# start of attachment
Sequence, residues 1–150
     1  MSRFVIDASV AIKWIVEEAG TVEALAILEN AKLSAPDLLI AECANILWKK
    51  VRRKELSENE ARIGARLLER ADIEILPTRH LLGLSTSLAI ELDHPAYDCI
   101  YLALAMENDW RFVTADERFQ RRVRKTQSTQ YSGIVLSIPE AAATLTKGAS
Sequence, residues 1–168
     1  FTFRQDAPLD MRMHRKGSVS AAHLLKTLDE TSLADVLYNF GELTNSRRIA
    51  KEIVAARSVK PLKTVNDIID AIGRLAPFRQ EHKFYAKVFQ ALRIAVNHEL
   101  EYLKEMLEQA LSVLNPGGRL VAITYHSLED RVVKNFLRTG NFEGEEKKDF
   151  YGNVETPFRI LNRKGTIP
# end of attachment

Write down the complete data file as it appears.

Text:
Sequence, residues 1–150
     1  MSRFVIDASV AIKWIVEEAG TVEALAILEN AKLSAPDLLI AECANILWKK
    51  VRRKELSENE ARIGARLLER ADIEILPTRH LLGLSTSLAI ELDHPAYDCI
   101  YLALAMENDW RFVTADERFQ RRVRKTQSTQ YSGIVLSIPE AAATLTKGAS
Sequence, residues 1–168
     1  FTFRQDAPLD MRMHRKGSVS AAHLLKTLDE TSLADVLYNF GELTNSRRIA
    51  KEIVAARSVK PLKTVNDIID AIGRLAPFRQ EHKFYAKVFQ ALRIAVNHEL
   101  EYLKEMLEQA LSVLNPGGRL VAITYHSLED RVVKNFLRTG NFEGEEKKDF
   151  YGNVETPFRI LNRKGTIP